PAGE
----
“Chasing Life,” Tuesday, June 10, ABC Family
After the misstep of the “Pretty Little Liars” spinoff “Ravenswood” (which was recently canceled), ABC Family is steering clear of mystery and intrigue and going back to the arena that fuels most of its hit series: high-concept melodrama. Joining “Switched at Birth” and “The Fosters” as straight drama on ABC Family, “Chasing Life” will chronicle the complications arising when a young newspaper journalist learns that on top of juggling a busy home and work life, she is now dealing with a cancer diagnosis. Family audiences can expect content closer to family-appropriate, with the occasional subject matter concern; best to read up on episodes before watching.
“The Last Ship,” Sunday, June 22, TNT
An epic action series from “Transformers” producer Michael Bay, “The Last Ship” is a military sci-fi series that will pair well with TNT’s current “Falling Skies.” Following a naval destroyer and its crew struggling to survive a worldwide plague outbreak, the series is equal parts gritty action and cutting-edge medical thriller, making it only the second straightforward science-fiction series for the drama-driven network. Family audiences can expect a series similar to "Falling Skies" with its science-fiction action violence and occasional language.
“Young & Hungry,” Wednesday, June 25, ABC Family
The worlds of technology and cuisine collide in ABC Family’s new comedy series “Young & Hungry,” about a food blogger (Emily Osment, of "Hannah Montana" and younger sister to “The Sixth Sense” actor Haley Joel Osment), who is given a once-in-a-lifetime chance to be the personal chef for a wealthy entrepreneur. The series is produced by “High School Musical” actress Ashley Tisdale, and real-life celebrity chef Michael Voltaggio appears as well. Family audiences can expect similar content to other ABC Family series, which can go from fully family-friendly one moment to surprisingly risque the next.
“Extant,” Wednesday, July 2, CBS
After the enormous success CBS had last year with the summer scripted series “Under the Dome” (which returns for a second season June 30), CBS brings actress Halle Berry and producer Steven Spielberg to the network for another huge summer series, “Extant.” A sci-fi drama focusing on astronaut Berry and her life back on Earth after a yearlong mission alone in space, it is another serialized offering from the normally procedural-driven network that hopes to tap into the fantasy-tinged melodrama that made “Under the Dome” a ratings smash last year. Family audiences can expect a sci-fi thriller with some mature subject matter, which might best be read about prior to watching.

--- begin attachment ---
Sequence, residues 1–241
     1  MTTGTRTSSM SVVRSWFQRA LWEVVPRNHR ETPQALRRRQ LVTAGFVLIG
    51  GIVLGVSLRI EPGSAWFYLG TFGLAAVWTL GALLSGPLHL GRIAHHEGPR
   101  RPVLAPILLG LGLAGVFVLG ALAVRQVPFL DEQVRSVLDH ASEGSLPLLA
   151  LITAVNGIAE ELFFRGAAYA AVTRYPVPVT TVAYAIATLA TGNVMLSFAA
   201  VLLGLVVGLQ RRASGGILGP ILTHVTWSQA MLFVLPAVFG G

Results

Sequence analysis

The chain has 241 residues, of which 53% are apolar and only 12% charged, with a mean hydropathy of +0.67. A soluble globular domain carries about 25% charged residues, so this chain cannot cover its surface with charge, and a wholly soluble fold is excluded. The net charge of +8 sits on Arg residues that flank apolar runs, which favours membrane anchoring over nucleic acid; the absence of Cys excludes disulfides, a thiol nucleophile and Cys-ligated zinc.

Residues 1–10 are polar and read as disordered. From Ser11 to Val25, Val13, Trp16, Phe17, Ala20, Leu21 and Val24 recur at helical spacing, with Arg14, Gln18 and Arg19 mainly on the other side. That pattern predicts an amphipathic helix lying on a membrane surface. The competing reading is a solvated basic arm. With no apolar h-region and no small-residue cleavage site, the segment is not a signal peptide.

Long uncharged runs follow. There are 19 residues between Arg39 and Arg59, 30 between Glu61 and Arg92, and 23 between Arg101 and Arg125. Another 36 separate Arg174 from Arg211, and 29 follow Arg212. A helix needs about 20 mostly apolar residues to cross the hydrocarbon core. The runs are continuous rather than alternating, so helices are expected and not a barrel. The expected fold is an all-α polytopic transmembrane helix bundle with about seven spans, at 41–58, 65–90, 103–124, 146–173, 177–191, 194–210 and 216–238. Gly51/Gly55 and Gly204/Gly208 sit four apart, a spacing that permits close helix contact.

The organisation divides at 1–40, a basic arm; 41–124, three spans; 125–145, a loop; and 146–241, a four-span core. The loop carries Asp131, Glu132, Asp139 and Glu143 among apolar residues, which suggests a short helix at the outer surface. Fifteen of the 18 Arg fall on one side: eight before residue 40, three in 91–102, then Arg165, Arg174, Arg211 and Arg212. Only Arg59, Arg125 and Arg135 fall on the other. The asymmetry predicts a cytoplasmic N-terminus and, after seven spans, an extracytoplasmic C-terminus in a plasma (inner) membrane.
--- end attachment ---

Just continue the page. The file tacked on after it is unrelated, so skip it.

"The Quest," Thursday, July 31, ABC
A series from the producers of "The Amazing Race" that promises to be an epic reality adventure, "The Quest" brings players into a fantasy-based competition series created with the help of the Lord of the Rings filmmakers. Twelve contestants will be picked to go through a series of larger-than-life challenges involving magic and mythical creatures. Family audiences can expect a more family-friendly timeslot to appeal to all-age audiences and "Once Upon a Time" fans
“Hatfields & McCoys: White Lightning,” Friday, Aug. 1, History Channel
A reality show following the modern-day descendants of the most well-known feuders in American history, “Hatfields & McCoys: White Lightning” follows the two families in modern-day West Virginia as they attempt to raise themselves out of poverty and keep a tenuous peace between them. Though it is a reality series, the show was picked up in the wake of Kevin Costner’s miniseries “Hatfields & McCoys,” previously a huge hit for History Channel. Family audiences can expect a series about moonshining that premieres late on cable. Likely not a family series.Comment on this story
“Legends,” Friday, Aug. 22, TNT
From the producer of “24” and “Homeland” comes a new spy thriller about a deep cover agent (Sean Bean, Lord of the Rings trilogy) who is so good at his job that he has begun losing track of which identity is truly his. The series will explore not only the intriguing world of black ops but also the emotional toll that secrecy and deceit can take on a human being. Family audiences can expect some heavy action-related violence from TNT, which also allows occasional language.
Chris Vander Kaay is a screenwriter and author who lives in Central Florida with his wife and co-writer, Kathleen.